Bank CEOs say higher rates starting to dampen growth despite economic buffers

TORONTO – The heads of Canada’s biggest banks say rising interest rates are starting to have their intended effect of slowing demand but that for now they continue to notch growth.

Speaking at an investment conference in Toronto on Wednesday, just as the Bank of Canada was announcing a three-quarters of a percentage point rate increase, RBC chief executive Dave McKay said that while commercial credit remains strong there are signs of weakness in some areas.

“The bigger impact from these higher rates is it’s dislocated some demand in some markets. You’re seeing certainly mortgage markets react to the higher rates, and therefore you’re seeing slower growth in mortgage markets,” McKay said.

The bank is also seeing a slowing in credit card purchases as people become more conservative after a stretch of strong growth in the area, while there is also slowing demand elsewhere at the bank.

“Senior markets to commercial markets to residential mortgage markets to credit card markets, you’re starting to see the impact. And that’s what the Bank of Canada wants, right. It wants a slowing of activity.”

McKay said, however, that people and companies are still holding elevated amounts of cash, and other forms of liquidity, and unemployment remains around record lows, to provide a shock absorber to any hard landing for the economy and help lead to a quicker recovery.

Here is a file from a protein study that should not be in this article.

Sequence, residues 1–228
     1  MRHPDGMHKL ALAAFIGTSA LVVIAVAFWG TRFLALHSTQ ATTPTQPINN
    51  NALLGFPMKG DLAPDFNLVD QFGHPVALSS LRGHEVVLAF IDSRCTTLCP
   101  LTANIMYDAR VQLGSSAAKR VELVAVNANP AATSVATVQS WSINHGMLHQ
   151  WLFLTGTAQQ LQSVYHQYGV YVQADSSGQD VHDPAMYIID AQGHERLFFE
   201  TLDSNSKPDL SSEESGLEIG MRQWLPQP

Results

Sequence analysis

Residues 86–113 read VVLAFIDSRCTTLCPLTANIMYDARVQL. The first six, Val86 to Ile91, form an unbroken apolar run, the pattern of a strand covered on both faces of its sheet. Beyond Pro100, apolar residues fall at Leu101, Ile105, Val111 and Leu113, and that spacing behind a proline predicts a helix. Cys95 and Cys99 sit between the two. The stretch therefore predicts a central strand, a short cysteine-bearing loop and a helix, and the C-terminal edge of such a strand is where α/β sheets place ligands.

In raising its key interest rate target to 3.25 per cent, the Bank of Canada said Wednesday it expects it will have to raise rates further given the outlook on inflation.

BMO chief executive Darryl White told the conference that while he expects a slowing on the commercial loan side next year, for now there continues to be loan growth as companies successfully pass on prices increases to consumers and demand remains high.

He said however that at some point the combination of rising input costs, labour costs, energy costs and debt servicing costs, all at the same time, are going to hit commercial lending demand.

“There will be a day where the commercial borrower writ large will be saying, you know, I gotta figure out how to pull back”

Meanwhile, CIBC chief executive Victor Dodig told the meeting that heightened liquidity has helped keep the economy ticking, but that rising Bank of Canada rates, which have climbed from 0.25 per cent at the beginning of the year to 3.25 per cent today, will take that excess out of the system.

“I think the rate increases are having their intended effect on house prices. I think they’ll have their intended effect on wage inflation. I think they’ll have their intended effect on price stability. So let’s see how that plays itself out. But I believe that the central banks are doing everything they could possibly do to take the steam off of inflation, and get things to a better place,” he said.

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